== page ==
Book Harvest, a Durham-based nonprofit focused on book distribution and early childhood literacy, is looking to expand past its home turf.
Over the past 10 years, the organization has given 1.6 million books to children and launched several initiatives, including Book Babies, a literacy-focused home visiting program for children’s first five years. It is now planning to reach other communities across North Carolina and beyond.
Ginger Young is moving from executive director to CEO and looking for an executive director in Durham so she can explore how to meet other communities’ needs, as well as how to influence statewide policy.
“We stand in awe of every child’s innate brilliance and boundless potential, and we are committed to unlocking opportunity and ensuring that every child everywhere has what they need to thrive in school and in life,” Young said in a press release.
This year, the organization will prioritize capacity-building and, Young told EdNC on Monday, listening.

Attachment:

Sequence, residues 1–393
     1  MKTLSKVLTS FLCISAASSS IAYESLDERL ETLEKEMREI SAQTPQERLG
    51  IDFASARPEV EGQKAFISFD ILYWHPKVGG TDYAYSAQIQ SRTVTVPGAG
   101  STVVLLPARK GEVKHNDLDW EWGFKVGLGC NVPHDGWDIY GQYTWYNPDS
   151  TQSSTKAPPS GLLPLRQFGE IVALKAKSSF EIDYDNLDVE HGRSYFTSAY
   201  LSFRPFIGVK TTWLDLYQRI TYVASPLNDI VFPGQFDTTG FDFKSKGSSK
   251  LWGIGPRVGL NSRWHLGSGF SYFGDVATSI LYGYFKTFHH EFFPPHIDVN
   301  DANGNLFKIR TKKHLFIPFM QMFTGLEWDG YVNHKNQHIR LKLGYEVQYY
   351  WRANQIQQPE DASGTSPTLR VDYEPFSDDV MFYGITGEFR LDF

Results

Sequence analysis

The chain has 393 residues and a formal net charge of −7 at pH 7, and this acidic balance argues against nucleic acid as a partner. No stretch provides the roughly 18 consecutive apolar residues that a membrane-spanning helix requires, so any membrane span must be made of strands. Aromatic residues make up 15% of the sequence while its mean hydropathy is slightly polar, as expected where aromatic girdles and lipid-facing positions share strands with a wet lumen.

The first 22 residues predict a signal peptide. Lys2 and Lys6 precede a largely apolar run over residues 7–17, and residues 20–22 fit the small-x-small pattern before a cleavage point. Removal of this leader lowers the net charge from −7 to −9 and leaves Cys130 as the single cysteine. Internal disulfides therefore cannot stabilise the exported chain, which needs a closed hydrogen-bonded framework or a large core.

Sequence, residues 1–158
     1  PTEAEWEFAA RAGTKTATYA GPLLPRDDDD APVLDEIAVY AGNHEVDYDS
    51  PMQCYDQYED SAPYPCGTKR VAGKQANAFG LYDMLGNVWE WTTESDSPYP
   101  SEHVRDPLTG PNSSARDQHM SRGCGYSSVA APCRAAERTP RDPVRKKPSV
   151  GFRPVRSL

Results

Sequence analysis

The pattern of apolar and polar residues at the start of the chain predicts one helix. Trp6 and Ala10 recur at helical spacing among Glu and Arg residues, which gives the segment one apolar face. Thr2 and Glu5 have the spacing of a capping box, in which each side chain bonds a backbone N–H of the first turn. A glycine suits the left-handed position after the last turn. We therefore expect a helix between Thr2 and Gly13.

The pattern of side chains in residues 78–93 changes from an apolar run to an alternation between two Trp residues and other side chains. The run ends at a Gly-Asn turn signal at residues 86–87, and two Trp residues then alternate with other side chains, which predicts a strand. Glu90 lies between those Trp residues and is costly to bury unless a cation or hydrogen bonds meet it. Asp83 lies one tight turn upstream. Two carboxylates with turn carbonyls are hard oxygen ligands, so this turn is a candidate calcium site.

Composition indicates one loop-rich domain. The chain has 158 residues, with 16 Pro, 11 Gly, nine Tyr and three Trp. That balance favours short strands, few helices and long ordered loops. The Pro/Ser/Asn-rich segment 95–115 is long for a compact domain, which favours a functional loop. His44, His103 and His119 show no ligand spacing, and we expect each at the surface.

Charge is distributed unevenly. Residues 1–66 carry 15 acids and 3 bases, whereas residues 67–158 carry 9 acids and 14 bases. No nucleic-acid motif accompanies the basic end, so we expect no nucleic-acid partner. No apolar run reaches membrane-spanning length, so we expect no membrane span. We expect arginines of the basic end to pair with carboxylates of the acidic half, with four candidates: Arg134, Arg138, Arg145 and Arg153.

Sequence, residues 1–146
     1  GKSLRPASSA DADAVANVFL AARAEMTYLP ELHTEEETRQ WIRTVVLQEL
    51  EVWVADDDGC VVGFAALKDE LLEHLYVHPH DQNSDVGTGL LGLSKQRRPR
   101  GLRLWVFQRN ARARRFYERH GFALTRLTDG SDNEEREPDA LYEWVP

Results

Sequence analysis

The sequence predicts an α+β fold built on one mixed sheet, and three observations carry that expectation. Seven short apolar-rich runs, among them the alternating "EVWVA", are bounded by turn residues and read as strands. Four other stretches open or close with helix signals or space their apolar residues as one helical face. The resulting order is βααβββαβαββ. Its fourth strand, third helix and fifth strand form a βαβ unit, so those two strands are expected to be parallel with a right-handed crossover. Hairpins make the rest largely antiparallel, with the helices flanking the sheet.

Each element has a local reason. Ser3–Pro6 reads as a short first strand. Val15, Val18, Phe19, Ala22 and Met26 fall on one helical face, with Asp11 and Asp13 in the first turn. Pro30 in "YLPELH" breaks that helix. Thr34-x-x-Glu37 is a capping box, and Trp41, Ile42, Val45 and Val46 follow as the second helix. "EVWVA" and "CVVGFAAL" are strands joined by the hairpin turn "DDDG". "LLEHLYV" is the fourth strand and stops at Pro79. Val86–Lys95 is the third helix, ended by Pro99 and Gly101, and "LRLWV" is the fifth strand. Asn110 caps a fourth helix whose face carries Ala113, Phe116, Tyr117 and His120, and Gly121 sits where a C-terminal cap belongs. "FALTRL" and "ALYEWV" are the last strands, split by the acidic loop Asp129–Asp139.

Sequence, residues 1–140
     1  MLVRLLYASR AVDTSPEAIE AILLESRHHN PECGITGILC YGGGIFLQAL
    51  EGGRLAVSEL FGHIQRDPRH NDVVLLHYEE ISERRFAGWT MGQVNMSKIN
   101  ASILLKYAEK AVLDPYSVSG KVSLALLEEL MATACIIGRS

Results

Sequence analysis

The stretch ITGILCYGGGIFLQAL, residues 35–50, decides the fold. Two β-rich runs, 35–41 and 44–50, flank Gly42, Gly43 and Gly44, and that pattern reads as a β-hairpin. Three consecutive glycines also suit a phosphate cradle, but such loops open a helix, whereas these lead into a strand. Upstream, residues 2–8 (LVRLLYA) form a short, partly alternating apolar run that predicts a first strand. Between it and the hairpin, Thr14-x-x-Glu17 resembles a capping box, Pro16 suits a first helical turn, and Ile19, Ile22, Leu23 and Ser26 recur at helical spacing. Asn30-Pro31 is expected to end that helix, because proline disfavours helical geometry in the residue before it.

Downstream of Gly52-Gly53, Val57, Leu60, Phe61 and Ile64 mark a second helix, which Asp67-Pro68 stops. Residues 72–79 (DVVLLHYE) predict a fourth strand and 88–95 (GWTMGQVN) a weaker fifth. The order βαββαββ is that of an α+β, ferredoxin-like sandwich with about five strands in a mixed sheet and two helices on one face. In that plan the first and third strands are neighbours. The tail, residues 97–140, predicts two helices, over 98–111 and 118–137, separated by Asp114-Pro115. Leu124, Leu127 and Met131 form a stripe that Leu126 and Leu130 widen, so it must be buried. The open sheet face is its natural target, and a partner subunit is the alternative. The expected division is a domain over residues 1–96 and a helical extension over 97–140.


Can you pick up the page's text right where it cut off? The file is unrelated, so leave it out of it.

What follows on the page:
“We’ve become super attuned to actually asking parents what they need before delivering something, which I know sounds really elemental, but we all tend to jump past that step if we’re not careful,” Young said.
Young pointed to Book Babies as an example, which has improved parent-child reading habits in Durham and Winston-Salem.
“I will not declare a Book Babies demonstration pilot replication model until I know a lot more about the needs of other counties — in particular rural counties — which I’m obsessed with growing to understand better,” she said.
As the organization delivers services in more communities, Young said, she is eager to learn how to shape policy for larger change.
“I really don’t want us to just keep doing isolated individual examples when in fact we know that every child needs to grow up in a home that is rich with books from birth,” Young said.
Young started the organization out of her minivan in 2011, “having no vision for where it could go, just doing it,” she said. She has Durham to thank for the first decade of its work, she said. “Every step of the way, the community showed up in droves and led me to the next step.”
Young said she sees possibility in addressing systemic challenges from the organization’s work in transitioning children into kindergarten, providing books for children during summers, and creating early childhood college-and-career savings accounts.
“There’s no reason every single child can’t have a home library that just thrills them and that makes them unstoppable in their love of reading and learning, and that’s the work to be done,” she said.